To investigate causes and consequences of transformations in ISEA prehistory, this project examines the archaeological record of islands in eastern Indonesia to quantify interaction and subsistence systems during the Holocene prior to the arrival of Neolithic migrants or innovations at 4,500 years ago.
1 February 2013 to 3 August 2016
With financial support from the Australian Research Council
|Academic Group:||Social Sciences|
Archaeology, Neolithic Period, Island Archaeology, Obsidian Sourcing, Pottery Manufacture
The nature of maritime interaction in the pre-Neolithic period (before ~4,500 years ago) is a key issue in Indo-Pacific prehistory and to the global debate about process and significance of Neolithic transformation. In Island Southeast Asia (ISEA), however, past research focused dominantly on the hypothesis of migration of agriculturally and technologically advanced ‘Austronesian’ groups from Taiwan into the Pacific, the ‘Austronesian’ Neolithic expansion.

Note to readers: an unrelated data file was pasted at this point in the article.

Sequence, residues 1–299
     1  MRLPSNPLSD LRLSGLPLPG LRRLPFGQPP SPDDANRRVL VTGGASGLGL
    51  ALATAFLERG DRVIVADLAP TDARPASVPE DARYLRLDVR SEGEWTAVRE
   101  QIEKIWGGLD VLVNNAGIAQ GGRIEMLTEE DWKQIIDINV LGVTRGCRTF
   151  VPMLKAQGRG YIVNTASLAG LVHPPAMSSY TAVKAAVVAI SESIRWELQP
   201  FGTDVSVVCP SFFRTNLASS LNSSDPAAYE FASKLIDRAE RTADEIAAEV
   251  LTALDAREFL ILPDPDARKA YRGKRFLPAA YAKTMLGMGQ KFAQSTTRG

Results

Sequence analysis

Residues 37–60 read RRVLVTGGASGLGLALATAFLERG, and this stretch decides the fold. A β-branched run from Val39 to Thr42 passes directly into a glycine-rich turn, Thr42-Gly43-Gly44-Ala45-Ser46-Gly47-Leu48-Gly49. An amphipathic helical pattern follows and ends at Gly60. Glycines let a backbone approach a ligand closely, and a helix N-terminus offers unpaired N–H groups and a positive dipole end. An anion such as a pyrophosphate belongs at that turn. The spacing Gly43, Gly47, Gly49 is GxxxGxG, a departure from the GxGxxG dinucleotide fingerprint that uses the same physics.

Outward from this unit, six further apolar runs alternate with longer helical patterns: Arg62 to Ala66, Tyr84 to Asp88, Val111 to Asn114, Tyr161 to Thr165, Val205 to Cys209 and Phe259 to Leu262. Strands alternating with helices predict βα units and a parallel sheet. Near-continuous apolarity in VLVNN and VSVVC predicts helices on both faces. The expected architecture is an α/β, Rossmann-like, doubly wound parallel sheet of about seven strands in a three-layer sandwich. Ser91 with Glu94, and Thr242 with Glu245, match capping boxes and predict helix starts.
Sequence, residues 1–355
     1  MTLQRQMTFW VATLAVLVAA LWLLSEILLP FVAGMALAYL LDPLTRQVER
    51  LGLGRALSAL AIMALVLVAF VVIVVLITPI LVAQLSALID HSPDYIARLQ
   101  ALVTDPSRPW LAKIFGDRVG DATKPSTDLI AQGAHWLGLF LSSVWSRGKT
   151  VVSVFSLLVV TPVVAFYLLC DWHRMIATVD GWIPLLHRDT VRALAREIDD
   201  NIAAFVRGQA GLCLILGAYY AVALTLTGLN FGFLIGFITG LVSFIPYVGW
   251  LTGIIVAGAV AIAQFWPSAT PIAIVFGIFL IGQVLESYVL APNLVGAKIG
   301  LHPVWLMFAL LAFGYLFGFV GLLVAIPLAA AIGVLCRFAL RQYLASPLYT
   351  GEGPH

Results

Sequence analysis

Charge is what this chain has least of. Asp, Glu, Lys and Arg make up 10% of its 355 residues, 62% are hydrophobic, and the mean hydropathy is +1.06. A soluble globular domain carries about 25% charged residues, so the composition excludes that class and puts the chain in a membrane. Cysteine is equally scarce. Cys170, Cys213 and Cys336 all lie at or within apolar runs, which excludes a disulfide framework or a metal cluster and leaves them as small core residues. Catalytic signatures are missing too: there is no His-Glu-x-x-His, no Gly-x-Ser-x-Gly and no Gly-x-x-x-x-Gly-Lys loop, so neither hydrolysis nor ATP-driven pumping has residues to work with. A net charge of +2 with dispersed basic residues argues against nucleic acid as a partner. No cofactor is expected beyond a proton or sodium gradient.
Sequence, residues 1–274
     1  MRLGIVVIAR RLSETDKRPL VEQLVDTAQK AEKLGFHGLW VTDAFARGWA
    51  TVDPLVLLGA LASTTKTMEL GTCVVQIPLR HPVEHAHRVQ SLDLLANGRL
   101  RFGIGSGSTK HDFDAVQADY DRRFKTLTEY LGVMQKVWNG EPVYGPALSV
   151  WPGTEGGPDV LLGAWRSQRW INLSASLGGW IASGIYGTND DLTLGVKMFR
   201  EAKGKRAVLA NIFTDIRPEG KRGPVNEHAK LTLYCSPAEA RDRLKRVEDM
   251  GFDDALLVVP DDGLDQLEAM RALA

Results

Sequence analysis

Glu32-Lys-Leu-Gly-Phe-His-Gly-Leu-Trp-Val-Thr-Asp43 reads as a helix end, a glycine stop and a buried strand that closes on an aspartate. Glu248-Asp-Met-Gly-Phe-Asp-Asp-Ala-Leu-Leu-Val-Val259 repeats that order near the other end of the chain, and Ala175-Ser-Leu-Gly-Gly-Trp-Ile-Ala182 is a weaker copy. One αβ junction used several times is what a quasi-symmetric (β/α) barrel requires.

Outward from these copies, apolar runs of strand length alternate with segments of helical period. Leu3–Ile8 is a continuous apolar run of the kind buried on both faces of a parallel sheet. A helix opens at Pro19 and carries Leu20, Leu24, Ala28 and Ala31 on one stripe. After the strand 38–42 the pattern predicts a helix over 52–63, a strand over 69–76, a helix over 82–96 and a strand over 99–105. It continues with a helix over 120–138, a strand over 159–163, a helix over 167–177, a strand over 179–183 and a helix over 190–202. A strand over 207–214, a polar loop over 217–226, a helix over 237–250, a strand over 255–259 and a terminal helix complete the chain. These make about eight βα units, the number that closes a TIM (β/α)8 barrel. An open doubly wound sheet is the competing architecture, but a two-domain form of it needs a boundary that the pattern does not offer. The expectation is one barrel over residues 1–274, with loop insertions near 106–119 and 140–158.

The result of this research focus is a general lack of knowledge about maritime interaction in the pre-Neolithic period. Increasingly, new data indicate the importance of economic and ecologic changes in pre-Neolithic societies during the Holocene (the warm period we are currently living in, beginning about 12,000 years ago). These new results suggest that the Holocene is central to understanding the complex interplay of migration, adaptation and integration of innovations and populations.
Key contact: Chief Investigator, Dr Christian Reepmeyer at Christian.Reepmeyer@jcu.edu.au